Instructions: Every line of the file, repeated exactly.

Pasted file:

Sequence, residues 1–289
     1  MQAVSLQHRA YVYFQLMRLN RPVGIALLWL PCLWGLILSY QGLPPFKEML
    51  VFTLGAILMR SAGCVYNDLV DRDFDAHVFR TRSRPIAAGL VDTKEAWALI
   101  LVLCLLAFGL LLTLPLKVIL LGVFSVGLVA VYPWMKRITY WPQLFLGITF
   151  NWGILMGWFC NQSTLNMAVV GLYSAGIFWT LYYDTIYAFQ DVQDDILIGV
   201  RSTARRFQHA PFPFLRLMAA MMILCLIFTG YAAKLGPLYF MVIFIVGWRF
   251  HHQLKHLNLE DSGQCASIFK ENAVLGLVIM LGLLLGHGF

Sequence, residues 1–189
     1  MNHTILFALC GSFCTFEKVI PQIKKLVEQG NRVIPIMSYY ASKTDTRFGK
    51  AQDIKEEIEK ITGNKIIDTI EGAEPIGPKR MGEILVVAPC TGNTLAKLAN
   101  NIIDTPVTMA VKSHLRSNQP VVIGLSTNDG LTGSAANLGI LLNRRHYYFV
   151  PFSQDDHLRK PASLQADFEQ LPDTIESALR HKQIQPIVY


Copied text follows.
Sequence, residues 1–289
     1  MQAVSLQHRA YVYFQLMRLN RPVGIALLWL PCLWGLILSY QGLPPFKEML
    51  VFTLGAILMR SAGCVYNDLV DRDFDAHVFR TRSRPIAAGL VDTKEAWALI
   101  LVLCLLAFGL LLTLPLKVIL LGVFSVGLVA VYPWMKRITY WPQLFLGITF
   151  NWGILMGWFC NQSTLNMAVV GLYSAGIFWT LYYDTIYAFQ DVQDDILIGV
   201  RSTARRFQHA PFPFLRLMAA MMILCLIFTG YAAKLGPLYF MVIFIVGWRF
   251  HHQLKHLNLE DSGQCASIFK ENAVLGLVIM LGLLLGHGF

Sequence, residues 1–189
     1  MNHTILFALC GSFCTFEKVI PQIKKLVEQG NRVIPIMSYY ASKTDTRFGK
    51  AQDIKEEIEK ITGNKIIDTI EGAEPIGPKR MGEILVVAPC TGNTLAKLAN
   101  NIIDTPVTMA VKSHLRSNQP VVIGLSTNDG LTGSAANLGI LLNRRHYYFV
   151  PFSQDDHLRK PASLQADFEQ LPDTIESALR HKQIQPIVY